The proposal to strip rights that are protected in enterprise agreements is a serious concern for staff. One example is removing the 15.4 per cent employer superannuation contribution. Taking it out would allow the government to drop super to as low as 9.5per cent. Finance Minister Mathias Cormann could then change the rules governing the main public servants' super fund, the PSSap, with Abetz telling agencies to change the rate by policy. Public servants are rightly asking: why would we give the government the capacity to cut our rights via policy change at any time? No thanks, we will keep our protections.
Cormann has done little to alleviate concerns, preferring instead to accuse the CPSU of "baseless scaremongering". Without a hint of irony, Abetz has deployed a similar tactic, accusing us of "scaring" workers into joining the union. Forgive me if I point out the obvious to Abetz and his colleagues: we are not the ones who are scaring people.
But staff are not just scared: they are insulted and determined to protect their hard-won rights and conditions. And they are acting to do so: 3700 people have joined our union since the federal budget, more than one-third of those in the DHS alone. Staff are joining because they are confronted with the ugly reality of the government's extreme agenda and realise they must back the effort to take it on.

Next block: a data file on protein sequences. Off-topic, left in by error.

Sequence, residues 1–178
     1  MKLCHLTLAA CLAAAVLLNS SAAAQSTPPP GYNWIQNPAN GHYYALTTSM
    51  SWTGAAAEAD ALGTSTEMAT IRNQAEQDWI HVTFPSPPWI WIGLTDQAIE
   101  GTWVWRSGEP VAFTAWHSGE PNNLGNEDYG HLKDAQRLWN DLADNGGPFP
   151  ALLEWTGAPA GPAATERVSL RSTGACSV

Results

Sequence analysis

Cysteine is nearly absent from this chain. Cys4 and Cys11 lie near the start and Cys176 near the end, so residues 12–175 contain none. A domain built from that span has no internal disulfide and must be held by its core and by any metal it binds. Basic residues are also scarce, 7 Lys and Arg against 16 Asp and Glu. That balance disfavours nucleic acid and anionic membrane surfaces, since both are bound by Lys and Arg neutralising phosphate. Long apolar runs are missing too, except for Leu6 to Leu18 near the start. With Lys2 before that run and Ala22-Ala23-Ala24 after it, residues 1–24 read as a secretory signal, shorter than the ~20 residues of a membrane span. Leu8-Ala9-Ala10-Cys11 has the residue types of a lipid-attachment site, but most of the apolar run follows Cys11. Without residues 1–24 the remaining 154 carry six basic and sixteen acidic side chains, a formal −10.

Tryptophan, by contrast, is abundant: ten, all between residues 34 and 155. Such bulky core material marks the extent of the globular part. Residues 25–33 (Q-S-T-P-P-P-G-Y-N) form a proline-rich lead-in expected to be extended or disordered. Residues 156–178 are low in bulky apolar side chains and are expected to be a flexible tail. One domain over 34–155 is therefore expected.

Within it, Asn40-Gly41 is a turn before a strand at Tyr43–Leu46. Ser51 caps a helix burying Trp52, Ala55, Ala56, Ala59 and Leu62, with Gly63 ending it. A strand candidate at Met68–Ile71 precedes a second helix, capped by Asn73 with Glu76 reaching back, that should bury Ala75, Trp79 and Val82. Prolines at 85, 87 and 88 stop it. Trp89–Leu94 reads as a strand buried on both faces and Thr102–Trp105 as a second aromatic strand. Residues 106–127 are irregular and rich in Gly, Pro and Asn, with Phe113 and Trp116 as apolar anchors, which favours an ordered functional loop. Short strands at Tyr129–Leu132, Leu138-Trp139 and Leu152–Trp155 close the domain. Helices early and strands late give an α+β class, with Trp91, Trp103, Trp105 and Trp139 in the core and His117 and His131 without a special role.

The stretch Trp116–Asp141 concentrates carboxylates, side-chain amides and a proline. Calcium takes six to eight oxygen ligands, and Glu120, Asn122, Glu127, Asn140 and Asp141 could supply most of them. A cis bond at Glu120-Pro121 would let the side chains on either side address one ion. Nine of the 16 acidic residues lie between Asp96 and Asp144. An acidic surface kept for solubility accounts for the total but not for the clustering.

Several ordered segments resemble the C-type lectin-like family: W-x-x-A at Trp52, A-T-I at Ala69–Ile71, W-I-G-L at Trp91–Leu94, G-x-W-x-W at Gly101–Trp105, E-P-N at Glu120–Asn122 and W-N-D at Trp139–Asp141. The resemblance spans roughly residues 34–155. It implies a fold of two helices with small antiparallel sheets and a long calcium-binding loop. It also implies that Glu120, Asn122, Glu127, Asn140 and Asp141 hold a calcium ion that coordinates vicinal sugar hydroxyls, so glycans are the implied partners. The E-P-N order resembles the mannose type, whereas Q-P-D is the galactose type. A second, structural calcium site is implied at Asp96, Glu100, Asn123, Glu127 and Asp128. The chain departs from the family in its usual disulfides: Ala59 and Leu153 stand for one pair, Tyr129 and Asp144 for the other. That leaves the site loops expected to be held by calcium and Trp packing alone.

That groundswell of opposition will gather strength as public servants realise what they are up against if this government gets its way: a world where there are few protections against arbitrary and harsh policies, where their living standards at work and in retirement can fall, and where they can be thrown on the scrap heap far too easily.
The CPSU's groundwork over the past three years has prepared members, who are digging in for a tough industrial fight. Alongside that work, we are advocating on behalf of quality public services and jobs in the public and political domain. And we have growing alliances with many groups across the community concerned by this government's cuts.
This government is good at picking fights. It is less clear whether it has a viable strategy to win them. We offered the government genuine, sensible negotiations. Instead, it decided to attack aggressively. At present, APS agency heads have no power to make reasonable offers. It is now up to staff to join, back each other and act together to pressure the government to move.
Our strategy relies on public sector workers understanding the power they have. Just as hundreds of train commuters in Perth last month pushed a train off a poor bloke by working together, hundreds of thousands of public servants acting together in their union can change what governments do as employers. With your rights pinned under it, this is one train worth lifting.
Nadine Flood is the Community and Public Sector Union's national secretary.